Appeal From Orders Entered October 21, 1987 and January 7, 1988 in Court of Common Pleas, Civil Division, Philadelphia County, No. 2982, December Term, 1983
James R. Kahn, Philadelphia, for appellants.
Thomas C. Gallegher, Philadelphia, for Raymark, appellees.
Daniel S. Altschuler, Philadelphia, for Brand Insulations, appellee.
Cavanaugh, Brosky and Montemuro, JJ.
[ 380 Pa. Super. Page 184]
The issue in this case is whether an employee knew, or should have known that he had an injury and that the injury was caused by another party's conduct, when he filed an "Employee's Claim Petition" under oath or affirmation alleging that he had asbestosis. The petition was filed by his lawyer with the Workmen's Compensation Board of New Jersey and stated that from May, 1980 through November 7, 1980 the appellant, Philip J. Ackler, was employed by Brand Industries and worked at the Atlantic Refinery in Philadelphia. The petition further alleged that he was suffering with asbestosis and had scarring of the lungs and that this was caused by the petitioner (appellant) removing and repairing insulation material. His occupation was set forth as an "insulation asbestos worker." The petition set forth the name of his physician.
[ 380 Pa. Super. Page 185]
The petition was sworn to by Mr. Ackler on August 19, 1981 and filed with the Workmen's Compensation Board on August 21, 1981. The complaint in the court below was filed on December 21, 1983. The defendants below, which are the appellees herein, filed motions for summary judgment which were granted as to all defendants except those currently engaged in Chapter 11 bankruptcy proceedings.
Summary judgment shall be granted if the pleadings, depositions, answers to interrogatories and admission on file, show that there is no genuine issue of material fact and the moving party is entitled to judgment as a matter of law. Williams v. Pilgrim Life Insurance Co., 306 Pa. Super. 170, 452 A.2d 269 (1982); Gabovitz v. State Auto Insurance Association, 362 Pa. Super. 17, 523 A.2d 403 (1987); Hedlund Manufacturing Co. v. Weiser, Stapler & Spivak, 517 Pa. 522, 539 A.2d 357 (1988); French v. United Parcel Service, 377 Pa. Super. 366, 547 A.2d 411 (1988); Hower v. Whitmak Associates, 371 Pa. Super. 443, 538 A.2d 524 (1988); Pa.R.C.P. 1035(b). Summary judgment may be entered only in cases that are clear and free from doubt. Dunn v. Teti, 280 Pa. Super. 399, 421 A.2d 782 (1980); Tom Morello Construction Co. v. Bridgeport Federal Savings & Loan Association, 280 Pa. Super. 329, 421 A.2d 747 (1980); Weiss v. Keystone Mack Sales, Inc., 310 Pa. Super. 425, 456 A.2d 1009 (1983). In addition, we must examine the record in the light most favorable to the non-moving party and accept as true all well pleaded facts in the non-moving party's pleadings, and give the non-mover the benefit of all reasonable inferences to be drawn therefrom. Ferguson v. King, 362 Pa. Super. 543, 524 A.2d 1372 (1987); Metal Bank of America, Inc. v. Insurance Company of North America, Inc., 360 Pa. Super. 350, 520 A.2d 493 (1987).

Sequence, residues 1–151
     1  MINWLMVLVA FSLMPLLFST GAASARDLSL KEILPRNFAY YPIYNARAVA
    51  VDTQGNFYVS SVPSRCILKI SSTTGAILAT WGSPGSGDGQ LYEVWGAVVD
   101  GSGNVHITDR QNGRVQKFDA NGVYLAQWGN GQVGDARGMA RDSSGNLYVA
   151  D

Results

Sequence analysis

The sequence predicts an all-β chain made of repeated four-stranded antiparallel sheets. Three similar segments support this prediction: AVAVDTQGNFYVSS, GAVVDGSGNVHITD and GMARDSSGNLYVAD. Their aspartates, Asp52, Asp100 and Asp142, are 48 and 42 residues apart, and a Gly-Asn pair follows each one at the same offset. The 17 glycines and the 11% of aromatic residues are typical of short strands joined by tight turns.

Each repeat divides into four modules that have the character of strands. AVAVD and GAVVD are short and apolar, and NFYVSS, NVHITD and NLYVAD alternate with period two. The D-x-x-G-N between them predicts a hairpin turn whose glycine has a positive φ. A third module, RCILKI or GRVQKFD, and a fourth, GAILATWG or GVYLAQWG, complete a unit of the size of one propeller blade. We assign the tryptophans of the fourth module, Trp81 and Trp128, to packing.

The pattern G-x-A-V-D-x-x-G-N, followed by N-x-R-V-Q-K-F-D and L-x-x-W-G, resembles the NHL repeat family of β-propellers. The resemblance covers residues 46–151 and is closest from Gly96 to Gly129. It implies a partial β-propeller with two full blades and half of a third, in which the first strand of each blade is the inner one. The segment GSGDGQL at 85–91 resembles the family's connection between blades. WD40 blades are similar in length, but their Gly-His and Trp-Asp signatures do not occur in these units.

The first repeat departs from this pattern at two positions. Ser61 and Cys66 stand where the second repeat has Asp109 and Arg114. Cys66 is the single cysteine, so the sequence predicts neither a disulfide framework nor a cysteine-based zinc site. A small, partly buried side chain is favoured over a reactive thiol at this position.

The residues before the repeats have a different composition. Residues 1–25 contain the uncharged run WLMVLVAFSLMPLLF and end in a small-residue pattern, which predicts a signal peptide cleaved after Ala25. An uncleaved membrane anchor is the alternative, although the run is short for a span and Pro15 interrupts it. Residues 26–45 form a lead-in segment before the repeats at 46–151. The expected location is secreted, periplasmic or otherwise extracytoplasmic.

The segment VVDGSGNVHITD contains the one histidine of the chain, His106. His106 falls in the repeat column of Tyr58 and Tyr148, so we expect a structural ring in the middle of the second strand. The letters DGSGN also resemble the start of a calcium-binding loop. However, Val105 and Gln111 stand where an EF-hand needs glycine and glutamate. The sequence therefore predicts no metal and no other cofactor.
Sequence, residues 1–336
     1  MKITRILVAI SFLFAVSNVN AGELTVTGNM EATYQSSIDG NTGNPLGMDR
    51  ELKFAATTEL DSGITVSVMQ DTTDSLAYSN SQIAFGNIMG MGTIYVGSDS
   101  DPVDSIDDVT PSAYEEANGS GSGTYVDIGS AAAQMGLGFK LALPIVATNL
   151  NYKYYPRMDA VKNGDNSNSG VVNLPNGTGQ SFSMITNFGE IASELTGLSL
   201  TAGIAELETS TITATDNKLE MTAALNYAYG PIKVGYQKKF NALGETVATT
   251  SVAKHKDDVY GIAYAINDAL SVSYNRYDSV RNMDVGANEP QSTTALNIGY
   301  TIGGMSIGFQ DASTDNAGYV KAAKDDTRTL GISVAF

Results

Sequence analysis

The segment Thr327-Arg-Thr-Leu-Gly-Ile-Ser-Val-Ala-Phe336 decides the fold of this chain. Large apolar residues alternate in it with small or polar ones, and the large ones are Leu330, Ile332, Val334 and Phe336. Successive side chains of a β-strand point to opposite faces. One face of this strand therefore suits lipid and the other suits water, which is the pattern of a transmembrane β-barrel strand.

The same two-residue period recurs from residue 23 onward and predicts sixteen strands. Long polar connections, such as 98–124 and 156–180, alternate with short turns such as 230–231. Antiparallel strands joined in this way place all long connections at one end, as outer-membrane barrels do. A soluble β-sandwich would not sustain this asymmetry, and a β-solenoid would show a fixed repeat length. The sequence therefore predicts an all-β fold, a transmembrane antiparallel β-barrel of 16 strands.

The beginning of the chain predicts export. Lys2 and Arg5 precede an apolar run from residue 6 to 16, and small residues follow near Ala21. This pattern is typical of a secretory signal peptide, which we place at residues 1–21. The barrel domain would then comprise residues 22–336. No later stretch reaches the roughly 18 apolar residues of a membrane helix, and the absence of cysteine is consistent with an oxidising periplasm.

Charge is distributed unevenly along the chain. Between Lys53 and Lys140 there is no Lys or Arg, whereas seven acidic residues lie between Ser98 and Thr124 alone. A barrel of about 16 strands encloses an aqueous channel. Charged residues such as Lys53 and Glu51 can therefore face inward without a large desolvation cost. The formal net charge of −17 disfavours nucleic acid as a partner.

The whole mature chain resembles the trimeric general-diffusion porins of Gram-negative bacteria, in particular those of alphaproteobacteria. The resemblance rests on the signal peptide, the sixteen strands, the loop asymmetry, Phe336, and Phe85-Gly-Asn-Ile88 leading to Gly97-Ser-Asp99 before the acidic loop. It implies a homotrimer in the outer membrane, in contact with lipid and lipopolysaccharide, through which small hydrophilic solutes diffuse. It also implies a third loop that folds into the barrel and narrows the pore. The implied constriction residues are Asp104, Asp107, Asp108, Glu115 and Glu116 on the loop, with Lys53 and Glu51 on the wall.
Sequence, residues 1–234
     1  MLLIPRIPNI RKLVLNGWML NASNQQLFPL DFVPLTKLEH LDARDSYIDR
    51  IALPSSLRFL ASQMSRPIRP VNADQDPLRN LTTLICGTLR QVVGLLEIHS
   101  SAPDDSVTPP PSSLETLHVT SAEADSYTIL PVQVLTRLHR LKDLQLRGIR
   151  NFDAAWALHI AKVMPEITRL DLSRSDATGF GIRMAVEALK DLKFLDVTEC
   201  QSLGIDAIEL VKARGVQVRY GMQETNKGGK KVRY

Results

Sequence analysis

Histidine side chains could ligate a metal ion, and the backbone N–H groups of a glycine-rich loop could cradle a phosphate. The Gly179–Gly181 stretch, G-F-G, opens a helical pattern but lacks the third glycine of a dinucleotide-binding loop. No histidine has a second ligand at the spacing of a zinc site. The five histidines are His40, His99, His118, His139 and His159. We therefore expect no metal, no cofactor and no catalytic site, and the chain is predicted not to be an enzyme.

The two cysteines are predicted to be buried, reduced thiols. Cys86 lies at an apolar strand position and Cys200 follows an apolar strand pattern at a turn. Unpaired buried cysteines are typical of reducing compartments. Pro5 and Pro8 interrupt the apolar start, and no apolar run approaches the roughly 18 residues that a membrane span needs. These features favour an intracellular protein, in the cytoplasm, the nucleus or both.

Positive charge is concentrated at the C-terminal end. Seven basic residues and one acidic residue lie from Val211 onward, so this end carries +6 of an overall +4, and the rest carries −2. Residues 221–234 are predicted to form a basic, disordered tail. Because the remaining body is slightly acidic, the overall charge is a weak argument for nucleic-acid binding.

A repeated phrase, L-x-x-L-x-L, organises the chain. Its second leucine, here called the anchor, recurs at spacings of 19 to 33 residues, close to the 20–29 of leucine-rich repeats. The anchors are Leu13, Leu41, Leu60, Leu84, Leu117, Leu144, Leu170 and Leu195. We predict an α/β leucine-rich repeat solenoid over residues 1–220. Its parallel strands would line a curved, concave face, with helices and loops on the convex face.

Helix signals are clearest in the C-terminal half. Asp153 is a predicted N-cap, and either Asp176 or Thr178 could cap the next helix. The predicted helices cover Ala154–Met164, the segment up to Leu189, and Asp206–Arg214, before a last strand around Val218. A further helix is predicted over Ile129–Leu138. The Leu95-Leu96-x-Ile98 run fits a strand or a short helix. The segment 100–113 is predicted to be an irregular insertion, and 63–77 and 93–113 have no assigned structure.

A trial court's grant of summary judgment will be overturned only if there has been an error of law or clear abuse of discretion. Jones v. Keystone Insurance Co., 364 Pa. Super. 318, 528 A.2d 177 (1987). We discern neither an error
[ 380 Pa. Super. Page 186]
of law nor abuse of discretion, and accordingly we affirm the summary judgments entered by the court below.
In the instant case, the appellant, Philip J. Ackler, signed and took an affidavit to a petition on August 19, 1981 alleging in detail the nature of his illness as asbestosis, which resulted in scarring of his lungs, the dates on which his injury occurred, the location, the nature of his occupation, and what he was doing that caused his asbestosis. The petition was filed with the Workmen's Compensation Board in New Jersey and as a result of filing the petition, the appellant's claim was heard before a referee in the summer of 1983, and he was awarded $2,500.00 against his employer, Brand Insulation.
The court below entered summary judgment on the grounds that the present action was not brought within the two-year period as required by the statute of limitations. The two-year statute of limitations in claims for asbestosis, a creeping disease, commences running when "the plaintiff knows, or reasonably should know: (1) that he has been injured, and (2) that his injury has been caused by another party's conduct." Cathcart v. Keene Industrial Insulation, 324 Pa. Super. 123, 136-137, 471 A.2d 493, 500 (1984). The appellant's action in the Court of Common Pleas was not commenced until December 21, 1983. If Mr. Ackler knew, ...